I've been an Intel user for most of my life. While I have owned Mac machines, and I did once have an AMD desktop for the kids, I have pretty much stuck with Intel as my CPU of choice. Certainly I've had other processors in mobile devices, but for work, I have almost always purchased servers, desktops, or laptops with Intel CPUs.
I remember the time in the 80s and 90s when there were lawsuits, advertisements, and innuendo put out by the companies, as well as fans of either side. I knew people that were sure Intel was the only way to go, fervently claiming that I'd have all sorts of issues trying to run my software on anything other than an Intel CPU. Just as insistent where others that assured me AMD worked fine and Intel was an overpriced waste of money.
Over the years, I've seen Glenn Berry note that SQL Server runs better on Intel, because of the superior single-threaded performance on Intel machines. He's changed his mind recently, and talks about why in a post this week. Glenn does advocate moving to new hardware, which often can give you better performance over older hardware at a lower consumption. If you are stuck on an older 2008/2012/2014 system, perhaps a hardware refresh is worth considering.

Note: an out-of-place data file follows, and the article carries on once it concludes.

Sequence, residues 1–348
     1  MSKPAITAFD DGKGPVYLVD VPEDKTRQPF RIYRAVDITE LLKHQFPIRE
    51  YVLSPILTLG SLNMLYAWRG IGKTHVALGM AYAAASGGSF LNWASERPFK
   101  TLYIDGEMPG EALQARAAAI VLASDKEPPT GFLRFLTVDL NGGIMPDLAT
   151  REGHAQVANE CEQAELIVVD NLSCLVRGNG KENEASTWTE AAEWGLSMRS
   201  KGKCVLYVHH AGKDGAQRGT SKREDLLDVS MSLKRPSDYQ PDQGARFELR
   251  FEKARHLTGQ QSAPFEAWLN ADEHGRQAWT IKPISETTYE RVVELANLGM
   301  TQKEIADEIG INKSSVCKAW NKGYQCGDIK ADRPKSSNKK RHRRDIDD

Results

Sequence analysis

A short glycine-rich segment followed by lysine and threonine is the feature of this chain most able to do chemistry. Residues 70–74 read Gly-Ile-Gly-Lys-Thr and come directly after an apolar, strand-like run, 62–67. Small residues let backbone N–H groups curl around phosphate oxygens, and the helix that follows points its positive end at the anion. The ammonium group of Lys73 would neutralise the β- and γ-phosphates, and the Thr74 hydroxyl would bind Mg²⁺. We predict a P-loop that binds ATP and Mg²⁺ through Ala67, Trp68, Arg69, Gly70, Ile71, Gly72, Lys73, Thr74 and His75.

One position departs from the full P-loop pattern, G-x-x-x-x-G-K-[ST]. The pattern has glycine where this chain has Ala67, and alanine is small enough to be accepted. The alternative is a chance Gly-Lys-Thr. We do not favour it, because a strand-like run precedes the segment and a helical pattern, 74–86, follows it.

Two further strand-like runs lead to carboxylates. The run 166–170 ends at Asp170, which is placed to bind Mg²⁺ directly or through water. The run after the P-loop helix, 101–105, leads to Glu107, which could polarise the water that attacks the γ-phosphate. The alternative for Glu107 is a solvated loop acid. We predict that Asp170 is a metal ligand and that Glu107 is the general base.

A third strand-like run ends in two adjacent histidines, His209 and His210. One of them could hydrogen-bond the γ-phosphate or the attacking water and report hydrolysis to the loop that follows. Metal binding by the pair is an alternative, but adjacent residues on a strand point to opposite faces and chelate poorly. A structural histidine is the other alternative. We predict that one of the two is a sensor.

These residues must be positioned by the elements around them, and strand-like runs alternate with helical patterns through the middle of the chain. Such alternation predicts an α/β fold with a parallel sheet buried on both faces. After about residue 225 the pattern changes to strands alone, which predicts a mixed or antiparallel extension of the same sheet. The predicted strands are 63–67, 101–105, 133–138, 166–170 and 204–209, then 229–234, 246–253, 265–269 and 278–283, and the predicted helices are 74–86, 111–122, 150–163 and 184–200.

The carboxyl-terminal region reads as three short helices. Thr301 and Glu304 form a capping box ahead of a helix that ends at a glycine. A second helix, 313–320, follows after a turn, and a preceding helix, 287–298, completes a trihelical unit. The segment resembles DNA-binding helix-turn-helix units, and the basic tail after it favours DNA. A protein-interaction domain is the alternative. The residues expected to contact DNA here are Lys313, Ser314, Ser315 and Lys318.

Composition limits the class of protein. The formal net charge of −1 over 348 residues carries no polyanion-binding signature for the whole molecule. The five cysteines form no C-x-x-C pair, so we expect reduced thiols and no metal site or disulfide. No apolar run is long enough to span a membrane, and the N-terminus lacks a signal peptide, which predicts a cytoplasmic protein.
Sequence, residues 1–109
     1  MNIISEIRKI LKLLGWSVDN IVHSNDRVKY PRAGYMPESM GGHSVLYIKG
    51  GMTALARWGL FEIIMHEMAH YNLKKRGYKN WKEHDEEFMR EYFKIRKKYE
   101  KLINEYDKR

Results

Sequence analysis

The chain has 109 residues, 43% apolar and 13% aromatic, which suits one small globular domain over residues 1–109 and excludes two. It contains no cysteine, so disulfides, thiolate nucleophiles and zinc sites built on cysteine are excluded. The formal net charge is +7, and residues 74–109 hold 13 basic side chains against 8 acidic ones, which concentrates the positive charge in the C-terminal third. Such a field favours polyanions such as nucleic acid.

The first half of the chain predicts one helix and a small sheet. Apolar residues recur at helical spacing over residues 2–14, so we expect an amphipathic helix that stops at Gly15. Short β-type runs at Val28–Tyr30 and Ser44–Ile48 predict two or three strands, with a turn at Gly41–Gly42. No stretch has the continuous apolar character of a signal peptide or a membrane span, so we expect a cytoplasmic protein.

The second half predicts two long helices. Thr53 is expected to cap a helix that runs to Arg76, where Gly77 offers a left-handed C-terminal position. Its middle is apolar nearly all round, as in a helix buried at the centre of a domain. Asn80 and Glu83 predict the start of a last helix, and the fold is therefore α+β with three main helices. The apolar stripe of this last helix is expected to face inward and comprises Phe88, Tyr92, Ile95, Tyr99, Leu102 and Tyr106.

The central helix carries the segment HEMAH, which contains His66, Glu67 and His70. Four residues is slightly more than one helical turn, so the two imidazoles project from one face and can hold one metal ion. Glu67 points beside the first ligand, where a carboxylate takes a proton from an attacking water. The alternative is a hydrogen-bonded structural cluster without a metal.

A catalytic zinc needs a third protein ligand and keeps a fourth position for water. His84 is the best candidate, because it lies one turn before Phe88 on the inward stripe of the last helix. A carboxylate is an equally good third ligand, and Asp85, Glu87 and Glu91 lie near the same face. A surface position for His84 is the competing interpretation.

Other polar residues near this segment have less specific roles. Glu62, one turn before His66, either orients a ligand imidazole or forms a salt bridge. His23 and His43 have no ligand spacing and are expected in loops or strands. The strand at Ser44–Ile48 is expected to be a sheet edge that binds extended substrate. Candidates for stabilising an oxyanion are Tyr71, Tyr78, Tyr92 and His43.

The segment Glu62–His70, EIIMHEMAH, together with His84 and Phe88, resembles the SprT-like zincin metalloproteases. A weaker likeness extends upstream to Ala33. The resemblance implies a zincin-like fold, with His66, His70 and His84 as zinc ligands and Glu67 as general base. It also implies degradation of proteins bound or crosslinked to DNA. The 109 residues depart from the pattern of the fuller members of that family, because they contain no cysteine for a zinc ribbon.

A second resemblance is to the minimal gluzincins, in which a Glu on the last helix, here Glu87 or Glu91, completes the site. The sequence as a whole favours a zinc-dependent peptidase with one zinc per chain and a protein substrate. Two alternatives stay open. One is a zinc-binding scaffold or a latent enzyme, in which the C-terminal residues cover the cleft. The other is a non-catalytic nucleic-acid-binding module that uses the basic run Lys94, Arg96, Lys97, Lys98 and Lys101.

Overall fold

Would any of you consider moving to AMD CPUs for your SQL Server instances? Is a hardware refresh something you might consider instead of upgrading software versions? If you got a 30-40% performance increase from a modern processor over a 2012/2013 era one, would that be worth the cost of changing hardware?
We know that changing hardware isn't as simple or easy as replacing one part with another. Likely you'd have a fair amount of labor to change out a bit of server hardware, even if you didn't have to change any of your storage. With the growth and advantages of the cloud, is this something to even consider these days?
I don't know, though I tend to think that for most organizations, it's not worth the time and hassle to update hardware without updating software. Perhaps you feel differently, and if so, tell us why.
Some of you might be like me, not even really thinking about what hardware choices are out there. You let someone else worry about the physical machines and you just ask for a certain level of RAM, a number of cores, and a certain amount of storage performance. That's how I've built SQL Servers in the past, which is really what I do now in the cloud.